Report: Genachowski to Announce His Exit
Would pave way for paired Democrat, Republican nominees
By John Eggerton -- Broadcasting & Cable, 3/21/2013 8:22:41 PMFriday would announce that he was leaving the commission, perhaps the worst-kept secret in Washington.
For months, the question has not been whether but when the chairman would leave, at least according to Washington lobbyists and attorneys. As recently as the press conference after the FCC's monthly meeting March 18, Genachowski said there was nothing to report, deflecting the question he has been getting for months.
A spokesman for the chairman declined comment on the report, which did not say when the chairman planned to leave. He has agreed to address the National Association of Broadcasters convention next month.
The announcement would come only days after Commissioner Robert McDowell announced he would be leaving in the next several weeks. The exit of both would allow the Administration to pair Republican and Democratic nominees.
Among the leading names for Genachowski's big chair is former National Cable & Telecommunications Association President Tom Wheeler. Wheeler, managing director of Core Capital Partners, was a fund-raiser for President Obama and tech policy advisor for the transition team and beyond. He is a former wireless exec and head of CTIA, and a renaissance man who wrote a book on leadership lessons from the Civil War.
Also said to be in the hunt are Jason Furman, the "whip-smart economist" (as one Democrat puts it) who is assistant to the president for economic policy. Furman is said to be about on par with longtime Obama adviser Karen Kornbluh.
Free Press, which celebrated Genachowski's arrival, also applauded his potential exit. "Free Press President and CEO Craig Aaron made the following statement:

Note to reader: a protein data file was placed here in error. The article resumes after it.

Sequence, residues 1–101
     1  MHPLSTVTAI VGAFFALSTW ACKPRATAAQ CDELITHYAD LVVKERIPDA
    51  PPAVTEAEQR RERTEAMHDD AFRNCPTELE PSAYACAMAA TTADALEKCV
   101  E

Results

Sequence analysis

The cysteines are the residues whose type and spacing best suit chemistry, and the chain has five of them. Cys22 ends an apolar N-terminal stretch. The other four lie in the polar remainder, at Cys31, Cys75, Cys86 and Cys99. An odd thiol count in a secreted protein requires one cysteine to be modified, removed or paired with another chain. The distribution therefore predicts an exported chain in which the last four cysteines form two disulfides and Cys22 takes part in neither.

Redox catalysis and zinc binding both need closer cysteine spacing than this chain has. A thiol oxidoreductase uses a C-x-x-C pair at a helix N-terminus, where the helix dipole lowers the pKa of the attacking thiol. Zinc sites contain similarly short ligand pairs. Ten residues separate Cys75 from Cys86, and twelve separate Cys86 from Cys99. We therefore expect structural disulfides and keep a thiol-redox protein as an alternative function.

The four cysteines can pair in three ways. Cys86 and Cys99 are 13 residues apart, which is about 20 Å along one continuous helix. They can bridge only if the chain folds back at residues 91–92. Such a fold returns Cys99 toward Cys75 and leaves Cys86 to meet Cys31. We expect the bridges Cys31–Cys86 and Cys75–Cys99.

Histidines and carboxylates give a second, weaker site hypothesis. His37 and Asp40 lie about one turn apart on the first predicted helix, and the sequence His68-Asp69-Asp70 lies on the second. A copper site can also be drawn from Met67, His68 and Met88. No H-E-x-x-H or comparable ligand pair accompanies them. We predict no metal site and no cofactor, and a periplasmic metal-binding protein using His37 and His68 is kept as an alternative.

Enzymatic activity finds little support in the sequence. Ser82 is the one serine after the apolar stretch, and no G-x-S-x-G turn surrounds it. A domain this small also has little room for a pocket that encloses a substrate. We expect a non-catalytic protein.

"When Julius Genachowski took office, there were high hopes that he would use his powerful position to promote the public interest," said Free Press President Craig Aaron. "But instead of acting as the people's champion, he's catered to corporate interests. His tenure has been marked by wavering and caving rather than the strong leadership so needed at this crucial agency."
In a talk at the Free State Foundation, former FCC Broadband Plan architect Blair Levin, invoked Lincoln in advising creative thinking about making the transition to an all digital world. Wheeler is said to be a Lincoln scholar, and the comment could be read as advice to the possible chairman. "[T]he economic foundations of the social contract necessary to drive the deployment of the voice and video networks are eroding and will not suffice to drive continual improvements in our broadband networks. In that light, as Lincoln said, 'the dogmas of the quiet past are inadequate to the stormy present...as our case is new, we must think anew and act anew.'"
No related content found.
Most Popular Pages
No Top Articles